Born in Los Angeles, Ted Nash's interest in music started at an early age. Exposed to music and encouraged by his father, trombonist Dick Nash, and uncle, reedman Ted Nash (both well-known studio and jazz musicians), young Nash started playing the piano at age seven. At age twelve he began playing the clarinet and a year later picked up the alto sax. While in high school, he studied jazz improvisation with the innovative teacher and vibraphonist Charlie Shoemake. Mr. Nash's first gig came at age sixteen, playing a week in Hawaii with legendary vibraphonist and band leader, Lionel Hampton. That same year he won an audition to play lead alto with the Quincy Jones band. By age seventeen Nash had toured Europe, appeared on three records, and was performing regularly with Don Ellis, Louie Bellson, and Toshiko Akiyoshi, as well as with his own quintet. Ted Nash has been composing music since the age of fifteen. His first composition, Tristemente, was recorded by Louie Bellson on a record, Raincheck, on which Nash played with the late trumpeter Blue Mitchell. At age eighteen, Nash moved to New York City and soon recorded his first album as a leader, "Conception," on the Concord Jazz label. During his first three years in New York became a regular member of the Gerry Mulligan Big Band, the National Jazz Ensemble, and the Mel Lewis Jazz Orchestra, the latter an association that would last for more than ten years. In 1994, Nash was commissioned by the Davos Musik Festival in Switzerland to compose works featuring a string quartet in a jazz setting, the seed which let to the formation of his group, Double Quartet, and the recording of his CD "Rhyme and Reason" (Arabesque), voted one of the best releases of 1999 by Jazz Times Magazine. Ted's most recent release (March 2005), "La Espada de la Noche" (Palmetto Records), has reached the #1 position on the CMJ radio chart. Of a recent performance, the Los Angeles Times wrote: You say jazz is having trouble these days finding a creative focus? Dont believe it. Go to the Jazz Bakery tonight to hear saxophonist Ted Nashs marvelous group Odeon, and any doubts will quickly be dispelled. What this Los Angeles native is demonstrating with Odeon is the fact that -- far from being on a down slope -- jazz is in a period of extraordinary opportunity. To quote the Village Voice: "Every record collection should include at least one version of 'Tico, Tico,' and have I got a goodie for you -- ripping, dramatic, and only slightly ironic, which also describes everything else on saxophonist Ted Nashs new tango album." The San Diego Union says: Like few others in contemporary music, Ted Nash thrives on combining disparate styles into an enticing whole that is never quite what it seems. Just how well he does it is demonstrated on his forth album, the splendid "La Espada de la Noche." Odeons previous release, "Sidewalk Meeting" (Arabesque), landed on several "top ten" lists for 2001, including the New York Times, Village Voice, Boston Globe, and the New York Newsday, as well as the 2002 Downbeat Critics Poll for best jazz CD. Gary Giddins, in an article in the Village Voice (May 2002), singled out the first track from this CD, an adaptation of Debussy's "Premiere Rhapsodie," as his favorite from all the jazz CDs recorded that year. Mr. Nash is a Composer-in-residence of the Jazz Composers Collective, a musician-run, non-profit organization dedicated to presenting the original works of composers who are pushing the boundaries of their self-expression. Cited as "Rising Star" in the tenor sax category of the 2003 Downbeat Critics Poll, Nash can be heard on several acclaimed CDs produced by the Jazz Composers Collective: the Herbie Nichols Project -- "Love is Proximity" and "Dr. Cyclops' Dream" (Soulnote), and "Strange City" (Palmetto); with Ben Allison "Medicine Wheel", "Third Eye", and "Riding the Nuclear Tiger" (Palmetto); as well as recordings with Wynton Marsalis, including "Big Train" (Columbia), "Sweet Release and Ghost Story" (Sony Classical), "All Rise" (Sony Classical), and (with the Lincoln Center Jazz Orchestra) "A Love Supreme" (Palmetto). Recent engagements include concerts and club appearances with his two groups Odeon, and Still Evolved, including the Village Vanguard and Dizzys Club Coca-Cola in New York City; tours of Europe and Asia with the LCJO; collaborations with the Augusta Ballet (Georgia) and Zenon Dance Company (Minneapolis); and concerts with the Jazz Composers Collective, including tours of Brazil.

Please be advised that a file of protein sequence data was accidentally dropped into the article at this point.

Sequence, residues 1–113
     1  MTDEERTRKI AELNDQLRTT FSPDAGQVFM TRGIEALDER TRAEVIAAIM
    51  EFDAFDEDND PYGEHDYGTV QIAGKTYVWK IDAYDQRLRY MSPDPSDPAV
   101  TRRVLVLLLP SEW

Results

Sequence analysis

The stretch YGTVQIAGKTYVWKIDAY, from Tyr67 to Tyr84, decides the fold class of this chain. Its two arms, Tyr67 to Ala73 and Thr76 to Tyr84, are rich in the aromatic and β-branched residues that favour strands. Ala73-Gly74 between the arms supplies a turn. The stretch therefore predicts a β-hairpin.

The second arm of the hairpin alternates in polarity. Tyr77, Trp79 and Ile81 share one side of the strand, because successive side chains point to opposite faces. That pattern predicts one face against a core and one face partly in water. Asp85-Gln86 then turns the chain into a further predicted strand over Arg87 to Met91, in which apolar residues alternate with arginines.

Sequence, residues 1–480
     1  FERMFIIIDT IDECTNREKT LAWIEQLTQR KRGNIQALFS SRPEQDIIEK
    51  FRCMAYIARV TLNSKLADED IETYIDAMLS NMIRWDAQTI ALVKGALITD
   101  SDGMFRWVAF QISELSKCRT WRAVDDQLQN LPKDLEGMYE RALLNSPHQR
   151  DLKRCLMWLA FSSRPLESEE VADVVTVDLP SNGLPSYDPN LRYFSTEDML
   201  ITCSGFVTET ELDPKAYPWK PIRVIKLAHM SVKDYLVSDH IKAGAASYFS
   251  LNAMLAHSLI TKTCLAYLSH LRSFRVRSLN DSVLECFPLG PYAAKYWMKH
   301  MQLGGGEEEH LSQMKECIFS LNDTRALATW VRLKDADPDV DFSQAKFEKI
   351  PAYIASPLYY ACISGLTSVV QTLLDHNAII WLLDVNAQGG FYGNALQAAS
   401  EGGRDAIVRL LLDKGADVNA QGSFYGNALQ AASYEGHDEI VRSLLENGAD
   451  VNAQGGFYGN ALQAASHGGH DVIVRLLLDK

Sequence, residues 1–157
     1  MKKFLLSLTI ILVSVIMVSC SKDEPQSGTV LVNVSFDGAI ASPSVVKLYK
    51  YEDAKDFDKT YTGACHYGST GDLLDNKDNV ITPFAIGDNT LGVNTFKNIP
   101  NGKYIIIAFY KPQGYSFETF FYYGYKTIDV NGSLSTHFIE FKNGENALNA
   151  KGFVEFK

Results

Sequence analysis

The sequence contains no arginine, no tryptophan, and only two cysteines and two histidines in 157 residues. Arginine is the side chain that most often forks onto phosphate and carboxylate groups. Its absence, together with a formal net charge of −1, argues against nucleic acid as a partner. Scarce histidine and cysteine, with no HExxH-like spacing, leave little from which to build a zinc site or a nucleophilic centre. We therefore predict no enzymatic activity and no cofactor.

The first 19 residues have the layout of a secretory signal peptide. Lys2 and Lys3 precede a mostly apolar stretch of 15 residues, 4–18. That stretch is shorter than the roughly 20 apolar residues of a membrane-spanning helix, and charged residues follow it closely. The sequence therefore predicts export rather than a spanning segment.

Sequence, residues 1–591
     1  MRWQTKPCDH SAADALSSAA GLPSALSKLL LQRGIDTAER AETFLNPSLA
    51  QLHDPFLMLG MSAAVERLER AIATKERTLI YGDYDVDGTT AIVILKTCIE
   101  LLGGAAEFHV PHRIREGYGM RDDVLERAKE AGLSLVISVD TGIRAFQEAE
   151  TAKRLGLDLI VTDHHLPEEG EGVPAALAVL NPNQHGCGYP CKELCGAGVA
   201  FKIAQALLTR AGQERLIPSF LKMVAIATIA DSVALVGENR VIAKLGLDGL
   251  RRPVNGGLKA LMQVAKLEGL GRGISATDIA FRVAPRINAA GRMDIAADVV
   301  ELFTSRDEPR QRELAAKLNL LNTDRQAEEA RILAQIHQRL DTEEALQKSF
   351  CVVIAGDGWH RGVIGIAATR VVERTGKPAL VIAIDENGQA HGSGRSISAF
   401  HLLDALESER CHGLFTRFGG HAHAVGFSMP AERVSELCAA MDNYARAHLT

For more info please visit www.tednash.com.
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